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Preparing to work abroad
By: (justin) 2011.02.10

Travellers WorldwideOver 16 years experience sending volunteers overseas to rewarding projects in teaching, care, conservation, internships, language courses and more! Choose from 20 countries and flexible project time frames from 2 weeks up to a year. Full support and consultation to find the best project and destination for you! Travellers Worldwide --

AdelanteEconomical International Internship and Study Abroad programs in 10 Spanish speaking cities worldwide. Adelante arranges everything - professional internship placement, housing (your own room!), language classes and more. University Semester and Summer study programs also available at unbeatable pricing.
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Some helpful tips on how to score a job abroad. Work Abroad
1. Your resume. This should be obvious. Any employer, anywhere in the world, will want to know what experience you have. You may, however, want to simplify the language somewhat or clarify your job, as the distinction between Editorial Assistant and Assistant Editor may not be immediately clear to a personnel director whose first language is not English.

2. A suit. You may be in the tropics or the Outback, where it seems ridiculous to wear even a shirt with long sleeves, but a suit always makes a nice impression, especially if your language proficiency doesn't allow your witty interviewing skills to shine.

3. Your diploma. Degree fraud can be a problem (and is apparently rampant across Asia.) But unless you went to Harvard, don't expect anyone to have heard of your school. What matters is that you went to college and graduated. The document is proof.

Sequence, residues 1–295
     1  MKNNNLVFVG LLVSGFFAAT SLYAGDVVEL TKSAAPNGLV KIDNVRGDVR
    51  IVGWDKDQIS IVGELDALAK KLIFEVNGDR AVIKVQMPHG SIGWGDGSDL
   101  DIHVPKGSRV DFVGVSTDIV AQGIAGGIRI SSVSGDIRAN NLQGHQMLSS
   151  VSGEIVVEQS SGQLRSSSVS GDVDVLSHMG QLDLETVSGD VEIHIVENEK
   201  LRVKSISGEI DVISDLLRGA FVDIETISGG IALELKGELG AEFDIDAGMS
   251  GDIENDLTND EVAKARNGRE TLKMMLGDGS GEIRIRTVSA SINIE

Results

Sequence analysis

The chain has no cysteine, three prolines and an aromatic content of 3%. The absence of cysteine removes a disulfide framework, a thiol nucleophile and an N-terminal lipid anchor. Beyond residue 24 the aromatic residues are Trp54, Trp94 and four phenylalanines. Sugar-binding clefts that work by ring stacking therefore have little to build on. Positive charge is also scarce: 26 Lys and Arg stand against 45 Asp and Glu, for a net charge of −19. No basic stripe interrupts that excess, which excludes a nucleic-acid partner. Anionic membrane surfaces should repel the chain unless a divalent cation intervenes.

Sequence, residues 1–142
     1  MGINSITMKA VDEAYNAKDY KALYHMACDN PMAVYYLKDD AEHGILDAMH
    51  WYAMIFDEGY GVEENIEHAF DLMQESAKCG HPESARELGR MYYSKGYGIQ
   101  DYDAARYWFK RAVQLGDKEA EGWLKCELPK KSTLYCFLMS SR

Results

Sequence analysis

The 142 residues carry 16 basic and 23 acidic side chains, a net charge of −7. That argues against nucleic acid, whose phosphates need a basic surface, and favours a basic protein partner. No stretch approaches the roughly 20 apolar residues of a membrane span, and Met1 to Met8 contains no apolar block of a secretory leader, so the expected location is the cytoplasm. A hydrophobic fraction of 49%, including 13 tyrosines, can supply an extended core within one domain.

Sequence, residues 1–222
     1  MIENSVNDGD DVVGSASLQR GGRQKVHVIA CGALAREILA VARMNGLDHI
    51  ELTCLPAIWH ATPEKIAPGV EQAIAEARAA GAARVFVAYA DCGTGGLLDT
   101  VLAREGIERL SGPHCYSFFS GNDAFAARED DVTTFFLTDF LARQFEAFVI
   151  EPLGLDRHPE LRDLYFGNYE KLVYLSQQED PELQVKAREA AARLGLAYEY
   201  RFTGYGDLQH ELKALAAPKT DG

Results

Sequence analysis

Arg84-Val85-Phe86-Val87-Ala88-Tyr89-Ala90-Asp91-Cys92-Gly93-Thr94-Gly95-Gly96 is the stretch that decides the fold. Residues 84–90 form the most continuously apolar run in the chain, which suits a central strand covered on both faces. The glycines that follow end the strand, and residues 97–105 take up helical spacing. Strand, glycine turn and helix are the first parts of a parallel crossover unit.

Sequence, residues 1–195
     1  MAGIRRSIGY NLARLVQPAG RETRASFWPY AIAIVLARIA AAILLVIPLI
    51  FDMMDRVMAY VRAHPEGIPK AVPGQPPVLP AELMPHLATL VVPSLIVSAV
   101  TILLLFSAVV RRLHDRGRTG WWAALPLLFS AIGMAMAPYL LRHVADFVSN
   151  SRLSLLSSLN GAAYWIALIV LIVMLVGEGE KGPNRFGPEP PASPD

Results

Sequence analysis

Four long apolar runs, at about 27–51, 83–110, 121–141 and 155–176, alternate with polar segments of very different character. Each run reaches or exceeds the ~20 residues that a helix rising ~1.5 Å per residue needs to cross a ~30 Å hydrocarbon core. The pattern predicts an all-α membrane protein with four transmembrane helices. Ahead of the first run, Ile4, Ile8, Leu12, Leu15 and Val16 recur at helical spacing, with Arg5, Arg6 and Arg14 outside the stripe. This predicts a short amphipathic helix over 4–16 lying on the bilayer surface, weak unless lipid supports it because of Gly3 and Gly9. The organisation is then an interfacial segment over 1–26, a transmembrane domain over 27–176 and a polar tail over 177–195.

4. Money, enough to live on for a couple of months. Taking the time to make friends with locals, meet other ex-pats, and learn the language and geography will make you that much more competent a candidate and will get you the contacts you need to find a job

5. Imagination. Just because you majored in English doesn't mean your only option is to teach it. Your most valuable asset is not specialization, but rather your status as an educated, rich foreigner in another country. You can be a Web designer or work in an art gallery or teach yoga or perform acupuncture (assuming you actually know a little bit about how to do those things.)

6. Initiative. You cannot sit in your hotel room and send out resumes. Decide where you want to work, put on some decent clothes, throw the diploma, clips and resume in a briefcase (or backpack), ride a moped to the office and ask to talk to somebody, anybody, about a job. Even if you don't come home with a paycheck, you'll likely get hints about positions elsewhere or the phone number of someone else who can help. Don't give up!

DON'T BOTHER BRINGING
1. Attitude. It can be difficult to find a job, especially if there's economic or political turmoil. High expectations, an inability to cope with the realities of cultural isolation, the language barrier, loneliness, poverty and a sense of entitlement will combine to destroy you. Remember: You can leave at any time. This is not your country. Relax.

2. Shorts. No one wears them outside America, unless you want little kids to laugh at you in the street and employers to spot you as an itinerant backpacker immediately.

3. Letters of recommendation/introduction from college professors, your manager at a fast food restaurant and other respected adults. No one wants to read about how responsible/talented/loyal you are. Though if you can get a letter of introduction for someone specific, or written in the native language, that can be helpful.

4. Your college term papers. No one cares, really. Not even you.

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Student Travel Europe, Global Travel, Paid Internships, Volunteer Overseas, Youth Hostel